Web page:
CHAPTER II: CARDIAC MECHANICS
Asst. Prof. Dr. Emre Hamurtekin
EMU Faculty of Pharmacy
1.
2.
3.
4.
CARDIAC CYCLE
CARDIAC OUTPUT
DETERMINANTS of CARDIAC OUTPUT
CARDIAC WORK
encyclopedia.lubopitko-bg.com
medical-dictionary.thefreedictionary.com
• Cardiac cycle can be divided into seven phases:
1. Atrial systole
2. Isovolumic ventricular contraction
3. Rapid ventricular ejection
4. Reduced ventricular ejection
5. Isovolumic ventricular relaxation
6. Rapid ventricular filling
7. Reduced ventricular filling
• Atrial systole is initiated by …………………...
atrial excitation
• Atrial systole follows the crest of P wave on the ECG.
• Atrial contraction forces a small additional blood into the
venticular chamber (atrial kick).
• Ventricular systole begins with isovolumic ventricular contraction.
• In isovolumic ventricular contraction, when intraventricular
pressure rises, mitral valve closes.
• In isovolumic ventricular contraction, aortic valve is still held
closed by higher aortic pressure.
www.studyblue.com
hypocaffeinic.pbworks.com
• In Rapid Ventricular Ejection phase, aortic valve finally opens
and blood exits the ventricle.
• In this phase, atrium relaxes and the blood starts to fill the
atrium.
• In Reduced Ventricular Ejection phase, ejection velocity
decreases (reduced ejection).
• At the end of this phase, aortic valve is finally closed.
• Once the aortic valve is closed, Isovolumic Ventricular
Relaxation period starts.
• In this period, LV volume is lowest.
www.studyblue.com
hypocaffeinic.pbworks.com
• Once intraventricular pressure drops below atrial pressure,
mitral valve opens.
• Blood in the atrium starts to move into the ventricle in Rapid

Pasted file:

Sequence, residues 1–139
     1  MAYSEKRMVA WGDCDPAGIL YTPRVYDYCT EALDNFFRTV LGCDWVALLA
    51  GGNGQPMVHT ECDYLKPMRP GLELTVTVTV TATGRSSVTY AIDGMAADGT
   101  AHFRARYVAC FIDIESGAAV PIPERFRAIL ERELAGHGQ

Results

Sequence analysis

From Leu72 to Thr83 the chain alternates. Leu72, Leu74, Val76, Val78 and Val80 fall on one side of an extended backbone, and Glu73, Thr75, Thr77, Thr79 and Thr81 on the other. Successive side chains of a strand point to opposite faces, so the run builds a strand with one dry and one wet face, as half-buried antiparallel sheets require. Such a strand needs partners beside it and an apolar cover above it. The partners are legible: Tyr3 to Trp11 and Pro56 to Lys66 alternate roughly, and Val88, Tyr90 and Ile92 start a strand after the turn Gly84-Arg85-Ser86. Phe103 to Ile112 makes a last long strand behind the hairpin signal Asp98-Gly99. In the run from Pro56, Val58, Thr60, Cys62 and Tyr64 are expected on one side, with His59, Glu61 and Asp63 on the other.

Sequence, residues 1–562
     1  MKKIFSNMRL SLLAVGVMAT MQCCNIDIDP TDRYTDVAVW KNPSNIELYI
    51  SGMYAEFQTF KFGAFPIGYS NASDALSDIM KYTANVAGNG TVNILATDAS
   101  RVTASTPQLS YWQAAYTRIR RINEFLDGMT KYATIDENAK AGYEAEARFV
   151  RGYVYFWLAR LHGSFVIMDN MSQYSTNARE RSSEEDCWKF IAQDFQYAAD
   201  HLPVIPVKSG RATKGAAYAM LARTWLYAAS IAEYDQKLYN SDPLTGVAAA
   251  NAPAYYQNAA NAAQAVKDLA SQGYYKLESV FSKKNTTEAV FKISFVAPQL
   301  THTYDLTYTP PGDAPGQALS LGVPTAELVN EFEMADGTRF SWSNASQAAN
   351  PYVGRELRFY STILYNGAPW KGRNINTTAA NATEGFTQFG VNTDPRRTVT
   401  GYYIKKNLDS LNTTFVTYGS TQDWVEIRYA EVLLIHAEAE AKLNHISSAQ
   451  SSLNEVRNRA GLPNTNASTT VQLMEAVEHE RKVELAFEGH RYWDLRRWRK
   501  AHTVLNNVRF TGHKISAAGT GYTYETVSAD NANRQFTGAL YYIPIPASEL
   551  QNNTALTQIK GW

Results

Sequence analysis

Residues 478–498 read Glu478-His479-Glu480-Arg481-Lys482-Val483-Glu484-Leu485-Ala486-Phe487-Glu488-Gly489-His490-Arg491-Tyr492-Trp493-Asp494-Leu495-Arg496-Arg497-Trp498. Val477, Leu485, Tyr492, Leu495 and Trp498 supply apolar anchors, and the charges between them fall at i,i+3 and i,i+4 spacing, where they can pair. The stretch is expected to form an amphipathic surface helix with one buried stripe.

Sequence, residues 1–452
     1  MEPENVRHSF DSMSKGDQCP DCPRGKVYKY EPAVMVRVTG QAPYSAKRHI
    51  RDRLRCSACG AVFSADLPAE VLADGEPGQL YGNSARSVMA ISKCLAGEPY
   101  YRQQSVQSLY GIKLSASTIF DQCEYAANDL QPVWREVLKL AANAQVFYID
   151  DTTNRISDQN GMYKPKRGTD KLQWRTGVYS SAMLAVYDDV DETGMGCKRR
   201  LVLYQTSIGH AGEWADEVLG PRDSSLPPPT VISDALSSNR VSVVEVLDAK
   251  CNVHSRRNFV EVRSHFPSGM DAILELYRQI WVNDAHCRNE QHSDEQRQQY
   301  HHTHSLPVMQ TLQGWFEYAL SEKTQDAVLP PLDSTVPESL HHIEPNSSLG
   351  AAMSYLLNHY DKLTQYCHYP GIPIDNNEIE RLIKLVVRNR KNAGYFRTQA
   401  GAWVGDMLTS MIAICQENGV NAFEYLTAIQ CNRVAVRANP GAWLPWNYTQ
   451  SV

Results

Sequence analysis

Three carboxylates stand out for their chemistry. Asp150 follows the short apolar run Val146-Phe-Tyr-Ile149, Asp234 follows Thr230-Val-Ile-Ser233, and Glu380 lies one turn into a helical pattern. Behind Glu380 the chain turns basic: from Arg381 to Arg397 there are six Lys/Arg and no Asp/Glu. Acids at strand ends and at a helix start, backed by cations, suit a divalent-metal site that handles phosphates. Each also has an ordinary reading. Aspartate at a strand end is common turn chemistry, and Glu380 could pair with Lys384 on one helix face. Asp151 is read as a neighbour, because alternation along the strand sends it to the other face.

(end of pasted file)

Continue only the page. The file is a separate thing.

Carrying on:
Ventricular Filling phase.
• In Reduced Ventricular Filling (diastasis) phase, atrium and
ventricle are both fully relaxed.
• Arterial pressure continues to fall as blood flows into capillary
beds.
• This phase typically disappears when HR increases.
www.studyblue.com
hypocaffeinic.pbworks.com
•
•
•
•
•
•
•
•
LV does not empty completely during systole.
ESV is around 50 ml.
EDV - ESV = SV (stroke volume).
SV is the amount of blood transferred from LV to the arterial
system during systole.
In healty person SV should be > 60 ml.
EF (ejection fraction) = SV \ EDV (normally about 55% - 75%.
EF is an important measurement of cardiac efficiency.
EF is used clinically to assess cardiac status in patients with heart
failure.
• CO (L/min) = HR x SV
• HR is established on the SA node and is controlled by ANS.
• SV is dependent on,
• LV preload
• LV afterload
• Contractility
•
•
•
•
•
•
Preload: Muscle length before contraction begins.
Preload is related with the volume of blood entering the chamber (EDV)
Afterload: The load against which a myocyte must shorten.
The principal component of afterload is arterial pressure.
Contractility: measure of a muscle’s ability to shorten against a afterload.
Contractility equates with the cytoplasmic free Ca concentration.
Ability of a muscle cell to develop force (contractility)
(+) inotropic agents
(-) inotropic agents
- Epinephrine
- Norepineprine
- Digoxin
- β- blockers
- Ca channel blockers
Contractility equates with intracellular free Ca concentration
SNS
norepinephrine
PKA activation
β-1 receptors
cAMP
PKA activation
L - type Ca channels, Ca release channels, SERCA
• Heart performs two kinds of work:
I.
II.
Internal work
External work
• Internal work:
• Expended in «isovolumic contraction»
• The force necessary to open the aortic and pulmonary valves
• Accounts for ˃ 90% of total cardiac workload.
• External work (pressure-volume work):
• Expended in transferring blood to the arterial system against a resistance.
• Accounts for ˂ 10% of total cardiac workload.
Download

isovolumic ventricular contraction